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Menolly of Pern was one of my first awesome girl heroines during my awkward teenage years. Unlike most Pern fans, I came into the world through Anne McCaffrey's Harperhall Trilogy, which I read in junior high and have made it a point to re-read it at least once every year. Menolly, the irrepressible scamp Piemur, Manora, Masterharper Robinton and Menolly's brace of fire lizards--are old and familiar friends. I'm still hoping for a bronze fire lizard of my own.
Unlike typical romance heroines who were always perfect, always beautiful and often stuck on stupid, Menolly was self-sufficient and not scared to be smart. She wasn't about her looks but her brains. I've come across some readers who, in trying to be oh-so "edgy" have accused McCaffrey of writing Menolly as a "Mary Sue". Sorry, but unlike the obvious Mary Sue-edness of Bella Swann, Menolly wasn't perfect. In fact, I've found her to be rather socially inept when it comes to basic human interactions. She has a hard time making female friends, but no wonder. Like myself, she grew up wanting to do "what the boys did". For her it was being a harper. For me it was jumping over garbage cans a la Evel Kneivel and reading science-fiction. I didn't have girl friends with these sorts of hobbies. And the few female friends she does make--namely with Mirrim (whom I have always been a fan of)--are cut from that same cloth.
Once I discovered there was more Pern, then there was Lessa--prickly but strong and a wonderful leader. Lessa wasn't warm and fuzzy and her first mating flight with Ramoth was so far and away not the hearts and flowers type of intimate scene, and yet it made perfect sense for it not to be. And yet for some reason, I always got a nice tingle down below reading it. My guess is the idea of being mentally overwhelmed by the sheer lust of the dragon, which is still an animal. I wondered then, even at that age, whether animals had the right of it. Sex without all the human rules. Though I have, over the years, have had serious issues with McCaffrey's handling of Kylara. Not that I liked the witch, but her sexuality should have been separate from her other bad behaviors as Weyrwoman. I've often viewed the Brekke/Kylara arc as a weird Madonna/Whore dichtomy (though I love Brekke and F'nor and it would have been all kinds of AWESOME had Canth flown Wirenth).
Oh Anne McCaffrey, how your world of Pern changed my life for the better. My first love was Lord Jaxom (he even figured prominently in my first book written in high school--The Time Ghost and Saren). Then I fell for the steadfast yet easygoing F'nor. But I will always love Masterharper Robinton and I bawled like a baby at his passing. I sighed with fangirlish happiness when Menolly and Sebell got together (no surprise there really), courtesy of the mating of their fire lizards.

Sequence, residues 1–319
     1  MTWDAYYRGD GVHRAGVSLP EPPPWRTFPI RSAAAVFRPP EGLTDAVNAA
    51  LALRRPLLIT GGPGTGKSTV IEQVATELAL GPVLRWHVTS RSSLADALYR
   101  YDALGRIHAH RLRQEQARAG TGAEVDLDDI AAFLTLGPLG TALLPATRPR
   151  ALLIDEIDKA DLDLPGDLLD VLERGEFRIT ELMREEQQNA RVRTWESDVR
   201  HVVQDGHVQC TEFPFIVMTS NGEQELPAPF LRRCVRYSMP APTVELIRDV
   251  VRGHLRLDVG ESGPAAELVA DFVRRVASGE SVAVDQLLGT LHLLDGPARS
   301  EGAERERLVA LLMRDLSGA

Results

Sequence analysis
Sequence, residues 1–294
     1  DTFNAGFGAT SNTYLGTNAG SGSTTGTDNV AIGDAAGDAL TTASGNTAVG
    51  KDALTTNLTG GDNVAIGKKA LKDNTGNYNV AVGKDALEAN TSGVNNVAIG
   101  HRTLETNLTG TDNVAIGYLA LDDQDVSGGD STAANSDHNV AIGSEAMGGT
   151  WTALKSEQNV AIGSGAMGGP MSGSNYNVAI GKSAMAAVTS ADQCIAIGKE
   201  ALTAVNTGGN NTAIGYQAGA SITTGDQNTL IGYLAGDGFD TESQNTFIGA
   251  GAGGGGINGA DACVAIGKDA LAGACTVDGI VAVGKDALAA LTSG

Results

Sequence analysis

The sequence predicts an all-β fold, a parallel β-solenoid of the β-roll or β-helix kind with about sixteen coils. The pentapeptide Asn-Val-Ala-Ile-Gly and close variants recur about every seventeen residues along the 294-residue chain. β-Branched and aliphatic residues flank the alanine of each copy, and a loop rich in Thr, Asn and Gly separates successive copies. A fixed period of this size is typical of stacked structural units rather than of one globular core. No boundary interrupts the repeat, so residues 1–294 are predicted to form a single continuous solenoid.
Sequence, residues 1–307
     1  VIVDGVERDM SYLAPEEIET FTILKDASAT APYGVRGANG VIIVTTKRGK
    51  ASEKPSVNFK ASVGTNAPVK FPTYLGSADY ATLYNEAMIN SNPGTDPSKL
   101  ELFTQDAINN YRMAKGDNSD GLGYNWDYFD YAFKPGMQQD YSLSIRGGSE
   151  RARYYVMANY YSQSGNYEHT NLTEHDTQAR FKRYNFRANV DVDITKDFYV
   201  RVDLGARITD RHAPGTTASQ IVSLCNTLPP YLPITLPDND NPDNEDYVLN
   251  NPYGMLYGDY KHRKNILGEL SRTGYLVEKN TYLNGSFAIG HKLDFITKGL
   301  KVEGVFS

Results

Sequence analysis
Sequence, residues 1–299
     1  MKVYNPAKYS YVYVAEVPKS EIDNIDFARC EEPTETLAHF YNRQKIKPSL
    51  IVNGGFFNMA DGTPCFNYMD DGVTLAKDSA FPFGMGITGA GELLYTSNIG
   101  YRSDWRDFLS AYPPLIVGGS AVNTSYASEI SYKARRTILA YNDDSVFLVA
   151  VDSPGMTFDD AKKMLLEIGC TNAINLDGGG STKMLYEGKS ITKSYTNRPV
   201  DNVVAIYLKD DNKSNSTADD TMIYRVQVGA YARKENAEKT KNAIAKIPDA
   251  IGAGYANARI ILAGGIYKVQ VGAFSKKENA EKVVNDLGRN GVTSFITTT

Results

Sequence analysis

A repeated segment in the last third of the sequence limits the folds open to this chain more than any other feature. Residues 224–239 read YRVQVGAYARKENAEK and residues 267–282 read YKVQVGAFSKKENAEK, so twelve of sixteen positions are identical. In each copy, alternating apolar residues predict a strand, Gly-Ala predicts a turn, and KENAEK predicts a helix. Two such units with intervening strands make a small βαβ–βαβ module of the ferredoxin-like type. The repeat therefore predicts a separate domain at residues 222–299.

Then I met Killashandra Ree and the whole idea of singing crystal. I agree with McCaffrey that Killashandra was wasted on a brand of butter. I think I've seen Ballybran in the night sky before. And Helva, the ship who sang. I never knew where McCaffrey's books would take me, but I always knew wherever I went, adventure and characters who leaped off the pages and into my heart, was sure to follow.
There are really few female science-fiction/fantasy authors who mattered when I was growing up in my book: Octavia Butler for so many reasons, Marion Zimmer Bradley for others. Ursula LeGuin, Jacqueline Lichtenberg, Andre Norton, and of course, Anne McCaffrey. They spoke to the geek girl who wanted adventure, not boys and a white picket fence.
Therefore, it was so awesome to read how so many people were inspired not just by Pern, but by the woman herself. And the fact that she was so accessible--a rarity in this day and age. I remember my friend Kara told me that she went to Anne McCaffrey's house in Ireland and had tea with the woman. My mouth dropped, but having read this wonderful tribute, I can only wish I'd done the same. Oh, the conversations she and I could have had. What an amazing woman and how she's so very missed.
The Pern books will always hold a special place in my heart. Dog-eared and very much loved. Dragonwriter is for the fans, we who can see ourselves within every essay. And who knows, I may yet find that bronze fire lizard, and when I do, I will name him Robinton.